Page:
Children encouraged to discover their creativity at mall event
By Jordan Cohen
Andi Chiodo loved all the personal attention as any 5-year-old would. She sat shyly smiling in the center concourse of Eastwood Mall as cosmetic artist Kerrigan Skruck of Hubbard drew a butterfly on her face, various designs on her arms and even a purple streak in her hair.
Andi, of Meadville, Pa., is probably too young to realize it, but this was her first introduction to creativity and self-discovery, which was the point of the Identity Mall Tour on Saturday afternoon.
A series of displays and activities encouraged children to “explore your style,” “discover your creativity” and “be the best you can be” through drawing, face painting and the always-popular photo booth.
“It’s fun,” said Andi after being prompted by Kathy Donaldson of Sharon, Pa., her grandmother.
Identity also has a serious side, as evidenced in one display where young people were asked to sign a pledge against bullying and another offering fingerprinting as a permanent record.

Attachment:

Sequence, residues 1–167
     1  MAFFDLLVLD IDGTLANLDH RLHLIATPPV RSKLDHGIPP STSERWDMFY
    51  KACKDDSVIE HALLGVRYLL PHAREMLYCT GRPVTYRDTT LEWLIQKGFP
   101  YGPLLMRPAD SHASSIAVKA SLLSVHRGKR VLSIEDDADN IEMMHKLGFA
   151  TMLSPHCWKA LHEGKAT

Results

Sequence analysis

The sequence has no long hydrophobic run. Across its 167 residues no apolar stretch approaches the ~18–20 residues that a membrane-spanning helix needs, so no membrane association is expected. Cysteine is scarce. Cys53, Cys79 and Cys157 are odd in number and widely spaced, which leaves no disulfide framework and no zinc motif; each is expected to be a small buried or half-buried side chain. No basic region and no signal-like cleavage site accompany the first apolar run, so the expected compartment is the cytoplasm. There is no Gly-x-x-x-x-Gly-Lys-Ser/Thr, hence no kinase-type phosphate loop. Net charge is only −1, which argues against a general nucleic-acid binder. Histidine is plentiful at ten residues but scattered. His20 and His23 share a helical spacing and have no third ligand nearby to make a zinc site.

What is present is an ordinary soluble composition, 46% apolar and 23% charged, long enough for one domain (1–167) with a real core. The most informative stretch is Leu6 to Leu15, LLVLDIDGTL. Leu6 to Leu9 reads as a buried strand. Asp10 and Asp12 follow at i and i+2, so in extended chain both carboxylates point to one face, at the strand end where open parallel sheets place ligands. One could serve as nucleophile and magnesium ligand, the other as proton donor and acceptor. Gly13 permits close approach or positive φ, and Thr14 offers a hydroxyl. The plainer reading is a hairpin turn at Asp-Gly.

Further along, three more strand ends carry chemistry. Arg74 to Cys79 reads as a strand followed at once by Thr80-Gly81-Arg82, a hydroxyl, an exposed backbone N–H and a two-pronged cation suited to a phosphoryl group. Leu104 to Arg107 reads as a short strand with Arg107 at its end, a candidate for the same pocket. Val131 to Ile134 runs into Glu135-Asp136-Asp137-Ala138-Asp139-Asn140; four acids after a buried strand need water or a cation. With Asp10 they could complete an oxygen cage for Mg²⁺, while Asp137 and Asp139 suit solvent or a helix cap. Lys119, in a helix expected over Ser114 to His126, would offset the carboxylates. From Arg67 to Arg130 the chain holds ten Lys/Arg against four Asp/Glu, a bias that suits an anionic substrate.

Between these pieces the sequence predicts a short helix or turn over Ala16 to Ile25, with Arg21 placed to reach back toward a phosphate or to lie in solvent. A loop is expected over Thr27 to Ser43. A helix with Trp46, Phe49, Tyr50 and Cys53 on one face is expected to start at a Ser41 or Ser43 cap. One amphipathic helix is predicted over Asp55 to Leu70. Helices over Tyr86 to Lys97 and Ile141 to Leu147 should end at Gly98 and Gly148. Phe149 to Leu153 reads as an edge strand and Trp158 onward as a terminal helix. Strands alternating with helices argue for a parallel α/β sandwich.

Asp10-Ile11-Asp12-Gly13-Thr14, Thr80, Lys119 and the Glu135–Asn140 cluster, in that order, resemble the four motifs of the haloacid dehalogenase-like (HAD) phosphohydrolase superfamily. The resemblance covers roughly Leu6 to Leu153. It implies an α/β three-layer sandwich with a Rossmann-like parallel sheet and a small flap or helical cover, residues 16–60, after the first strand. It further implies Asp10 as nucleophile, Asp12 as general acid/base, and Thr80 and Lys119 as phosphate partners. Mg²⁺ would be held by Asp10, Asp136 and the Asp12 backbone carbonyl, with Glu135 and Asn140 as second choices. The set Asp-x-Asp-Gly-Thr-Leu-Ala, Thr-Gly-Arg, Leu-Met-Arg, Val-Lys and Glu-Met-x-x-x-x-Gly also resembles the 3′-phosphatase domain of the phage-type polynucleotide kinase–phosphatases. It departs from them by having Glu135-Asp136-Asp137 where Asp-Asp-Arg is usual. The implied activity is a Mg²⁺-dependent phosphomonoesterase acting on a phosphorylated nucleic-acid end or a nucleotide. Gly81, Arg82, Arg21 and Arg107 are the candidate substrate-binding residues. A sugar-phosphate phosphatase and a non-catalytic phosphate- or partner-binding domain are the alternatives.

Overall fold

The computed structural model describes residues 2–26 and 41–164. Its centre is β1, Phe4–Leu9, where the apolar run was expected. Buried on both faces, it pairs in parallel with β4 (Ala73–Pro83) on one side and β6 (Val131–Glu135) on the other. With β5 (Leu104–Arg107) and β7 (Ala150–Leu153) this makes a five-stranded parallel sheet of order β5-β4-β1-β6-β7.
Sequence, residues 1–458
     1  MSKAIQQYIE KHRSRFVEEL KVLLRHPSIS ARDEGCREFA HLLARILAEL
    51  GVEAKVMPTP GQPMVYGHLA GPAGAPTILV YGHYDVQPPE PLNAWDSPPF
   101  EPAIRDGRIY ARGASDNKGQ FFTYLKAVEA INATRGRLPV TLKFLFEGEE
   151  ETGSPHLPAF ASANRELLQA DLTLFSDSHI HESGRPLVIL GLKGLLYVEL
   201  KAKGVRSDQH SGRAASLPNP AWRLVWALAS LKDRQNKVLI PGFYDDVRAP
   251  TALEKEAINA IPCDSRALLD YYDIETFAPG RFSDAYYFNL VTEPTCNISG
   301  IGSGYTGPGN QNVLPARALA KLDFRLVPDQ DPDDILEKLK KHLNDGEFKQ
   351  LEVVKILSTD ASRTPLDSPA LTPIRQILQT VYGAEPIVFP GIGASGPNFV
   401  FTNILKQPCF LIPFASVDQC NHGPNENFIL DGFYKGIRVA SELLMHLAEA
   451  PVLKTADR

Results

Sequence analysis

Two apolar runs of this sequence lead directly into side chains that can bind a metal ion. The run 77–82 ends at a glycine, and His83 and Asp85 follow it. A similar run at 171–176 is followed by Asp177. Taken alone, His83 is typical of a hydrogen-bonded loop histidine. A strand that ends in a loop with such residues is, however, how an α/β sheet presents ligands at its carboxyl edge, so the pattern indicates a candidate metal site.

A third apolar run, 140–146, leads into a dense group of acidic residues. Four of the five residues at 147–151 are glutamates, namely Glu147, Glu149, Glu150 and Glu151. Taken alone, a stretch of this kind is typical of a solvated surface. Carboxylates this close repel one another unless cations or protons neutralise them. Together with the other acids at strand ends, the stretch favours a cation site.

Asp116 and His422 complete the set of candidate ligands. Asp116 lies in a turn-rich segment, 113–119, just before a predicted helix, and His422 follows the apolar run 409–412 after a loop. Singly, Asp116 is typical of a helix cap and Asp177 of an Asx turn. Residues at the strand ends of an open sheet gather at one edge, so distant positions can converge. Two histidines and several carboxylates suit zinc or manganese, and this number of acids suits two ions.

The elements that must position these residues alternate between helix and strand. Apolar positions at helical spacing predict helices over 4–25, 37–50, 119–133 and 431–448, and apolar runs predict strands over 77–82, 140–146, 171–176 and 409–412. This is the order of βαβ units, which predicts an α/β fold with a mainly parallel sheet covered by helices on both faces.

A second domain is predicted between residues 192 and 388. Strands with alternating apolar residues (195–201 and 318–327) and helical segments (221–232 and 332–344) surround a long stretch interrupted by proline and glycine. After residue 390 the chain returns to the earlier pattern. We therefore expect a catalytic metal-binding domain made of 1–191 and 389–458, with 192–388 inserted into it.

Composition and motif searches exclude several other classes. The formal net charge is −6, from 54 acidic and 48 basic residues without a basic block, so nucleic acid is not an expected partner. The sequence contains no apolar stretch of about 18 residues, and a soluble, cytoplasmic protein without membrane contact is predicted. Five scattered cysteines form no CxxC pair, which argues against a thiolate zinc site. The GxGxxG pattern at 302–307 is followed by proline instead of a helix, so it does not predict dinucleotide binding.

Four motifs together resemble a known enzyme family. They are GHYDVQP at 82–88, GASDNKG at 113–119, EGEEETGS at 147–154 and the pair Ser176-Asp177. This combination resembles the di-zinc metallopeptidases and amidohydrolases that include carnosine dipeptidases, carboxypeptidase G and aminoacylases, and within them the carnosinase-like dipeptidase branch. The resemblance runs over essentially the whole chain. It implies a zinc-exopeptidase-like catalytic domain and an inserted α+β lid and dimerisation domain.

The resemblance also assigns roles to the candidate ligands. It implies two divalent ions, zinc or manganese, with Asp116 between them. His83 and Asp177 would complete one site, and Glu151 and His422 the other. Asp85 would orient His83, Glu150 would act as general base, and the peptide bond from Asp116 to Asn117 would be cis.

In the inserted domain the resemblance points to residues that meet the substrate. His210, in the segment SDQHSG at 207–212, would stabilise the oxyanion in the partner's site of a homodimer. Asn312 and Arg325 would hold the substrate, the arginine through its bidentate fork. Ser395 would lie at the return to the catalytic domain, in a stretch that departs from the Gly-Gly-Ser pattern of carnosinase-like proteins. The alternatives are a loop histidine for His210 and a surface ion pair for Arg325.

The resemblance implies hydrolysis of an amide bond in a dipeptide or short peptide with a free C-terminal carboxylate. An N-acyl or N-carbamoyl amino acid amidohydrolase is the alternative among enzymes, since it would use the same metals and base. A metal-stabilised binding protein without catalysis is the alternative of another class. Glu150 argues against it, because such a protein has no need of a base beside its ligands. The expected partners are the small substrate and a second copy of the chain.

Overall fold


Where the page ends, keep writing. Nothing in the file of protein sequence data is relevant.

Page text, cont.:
Some of the children did not appreciate the fingerprinting process. Amelia Criado, 2, of Boardman shook her head negatively when asked if she liked it and her twin sister, Aubrey, cried, but their grandmother, Gretchen Griffin, Boardman, was grateful.
“It establishes their identity in case something happens, so I’m glad we could do this,” she said.
The concept of discovering one’s identity can be ageless. At the other end of the concourse, author and
educator Stedman Graham signed copies of his latest book “Identity: Your Passport to Success,” while talking about his life experiences. Graham, who is in a long-running relationship with TV icon Oprah Winfrey (he dedicated the book to her), said he does not want to be identified by their relationship, his African-American race, or job title.
“I had to find out who I was by looking to myself,” Graham said. “You [can’t] let anyone label you.”
Graham said he has been delivering a similar message to teens for more than 12 years. “They have to take a passion, skills and talent, develop them … and make it relevant to their mission in life.”
The author said establishing identity should begin at an early age, including the very young who were enjoying the afternoon displays without understanding the identity subtext.
“Start with the young people in schools,” Graham said. “Focus on teaching people who they are.”